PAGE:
About Suzzallo & Allen Libraries
The University of Washington was founded in 1861, less than ten years after the creation of the Washington Territory and before the settler population had exceeded 350. The University moved to its current campus location in 1895. After 1909 the library was located in a building constructed for the Alaska-Yukon-Pacific Exposition and soon outgrew the space.
In 1915, when Henry Suzzallo was appointed President of the University, a new library building became one of his top priorities. When planning began in 1922, Suzzallo envisioned a library that was to be "the soul of the university."
An example of the Collegiate Gothic style, the library was designed by Carl F. Gould, Sr. and Charles H. Bebb, Seattle architects of national stature who has also created the 1915 campus plan. Ground was broken for the new library in 1923.
Soon after, President Suzzallo found himself involved in political rivalries and controversies that resulted in his dismissal from the University. The library, the crown jewel of his administration, was named for him following his death in 1933.
Suzzallo Library, named for Henry Suzzallo, the fifteenth president of the University, opened in 1926.
The exterior of Suzzallo Library is composed of sandstone, precast stone, terra-cotta and brick, with a slate roof. The windows are of leaded and stained glass.
Eighteen terra-cotta figures in niches atop buttresses were selected by the UW faculty in 1923 to symbolize contributions to learning and culture. Allan Clark, a young sculptor from Tacoma, was commissioned to create the figures, which include, from left to right, Moses, Louis Pasteur, Dante, Shakespeare, Plato, Benjamin Franklin, Justinian, Sir Isaac Newton, Leonardo da Vinci, Galileo, Goethe, Herodotus, Adam Smith, Homer, Gutenberg, Beethoven, Darwin and Grotius.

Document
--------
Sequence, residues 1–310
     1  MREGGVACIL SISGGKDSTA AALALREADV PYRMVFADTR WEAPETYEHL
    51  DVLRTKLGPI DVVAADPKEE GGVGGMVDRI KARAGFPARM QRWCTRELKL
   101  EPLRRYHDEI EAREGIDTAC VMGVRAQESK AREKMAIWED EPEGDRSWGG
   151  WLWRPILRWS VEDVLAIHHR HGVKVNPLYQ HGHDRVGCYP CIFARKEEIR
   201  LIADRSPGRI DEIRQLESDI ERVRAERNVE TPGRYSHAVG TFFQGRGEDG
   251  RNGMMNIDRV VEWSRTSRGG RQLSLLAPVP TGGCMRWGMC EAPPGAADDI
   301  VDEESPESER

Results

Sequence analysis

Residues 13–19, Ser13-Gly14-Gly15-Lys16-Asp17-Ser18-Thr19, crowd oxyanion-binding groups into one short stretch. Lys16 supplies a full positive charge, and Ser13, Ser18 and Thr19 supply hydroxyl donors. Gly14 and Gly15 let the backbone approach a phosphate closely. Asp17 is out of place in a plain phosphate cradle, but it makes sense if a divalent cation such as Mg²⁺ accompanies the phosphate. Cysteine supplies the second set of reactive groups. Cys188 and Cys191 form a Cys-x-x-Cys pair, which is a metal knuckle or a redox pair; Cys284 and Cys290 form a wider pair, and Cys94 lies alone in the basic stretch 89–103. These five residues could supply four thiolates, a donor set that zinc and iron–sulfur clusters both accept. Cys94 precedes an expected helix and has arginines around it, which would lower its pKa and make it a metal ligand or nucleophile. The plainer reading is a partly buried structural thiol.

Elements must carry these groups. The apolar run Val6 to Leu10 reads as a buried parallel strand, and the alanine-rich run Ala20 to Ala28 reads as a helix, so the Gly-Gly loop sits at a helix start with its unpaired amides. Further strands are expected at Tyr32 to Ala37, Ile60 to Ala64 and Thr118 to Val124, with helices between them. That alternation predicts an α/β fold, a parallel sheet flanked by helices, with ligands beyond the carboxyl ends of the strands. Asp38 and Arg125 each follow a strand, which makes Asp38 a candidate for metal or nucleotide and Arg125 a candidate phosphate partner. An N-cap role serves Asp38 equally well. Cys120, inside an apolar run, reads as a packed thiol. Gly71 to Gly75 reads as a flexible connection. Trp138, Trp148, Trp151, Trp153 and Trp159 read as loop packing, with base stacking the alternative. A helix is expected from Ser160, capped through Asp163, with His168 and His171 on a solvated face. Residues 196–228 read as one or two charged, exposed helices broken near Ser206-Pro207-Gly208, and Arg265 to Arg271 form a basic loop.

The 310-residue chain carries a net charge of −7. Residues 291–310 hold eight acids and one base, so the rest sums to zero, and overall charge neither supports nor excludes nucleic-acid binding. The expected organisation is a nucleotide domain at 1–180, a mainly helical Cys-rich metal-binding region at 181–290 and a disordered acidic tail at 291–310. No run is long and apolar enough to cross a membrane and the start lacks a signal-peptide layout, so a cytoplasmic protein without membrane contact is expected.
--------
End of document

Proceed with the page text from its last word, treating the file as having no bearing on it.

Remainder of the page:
Just above the main doors stand figures of cast stone depicting "Mastery," "Inspiration" and "Thought," also sculpted by Clark.
A series of shields depicts coats of arms from universities around the world, including Toronto, Louvain, Virginia, California, Yale, Heidelberg, Bologna, Oxford, Paris, Harvard, Stanford, Michigan, Uppsala and Salamanca.
The Grand Staircase leads from the first to the third floors (The 1963 addition to Suzzallo added a floor between the first and second floors of the original building). Note the travertine treads worn by decades of students climbing the stairs.
Grand Stair Hall
At the top of the Grand Staircase is the Grand Stair Hall. In 1926, this area was a rotunda surrounded by stained glass windows.
The southeast wing was constructed in 1935. The original design called for an octagonal carillon tower over 300 feet high. Although it was never built, the shape is reflected in motif of the limestone floor.
The vaulted ceiling reveals a "batwing" – a system of steel reinforcing beams resembling the wing structure of a bat – one of the more visible features of a seismic renovation that Suzzallo underwent between 2000 and 2002, at a cost of $47 million.
The Grand Stair Hall also houses one of the world's biggest books, a series of photographs of Bhutan by Michael Hawley. Protected by light-safe glass, the book’s pages are turned about once a month by Library staff.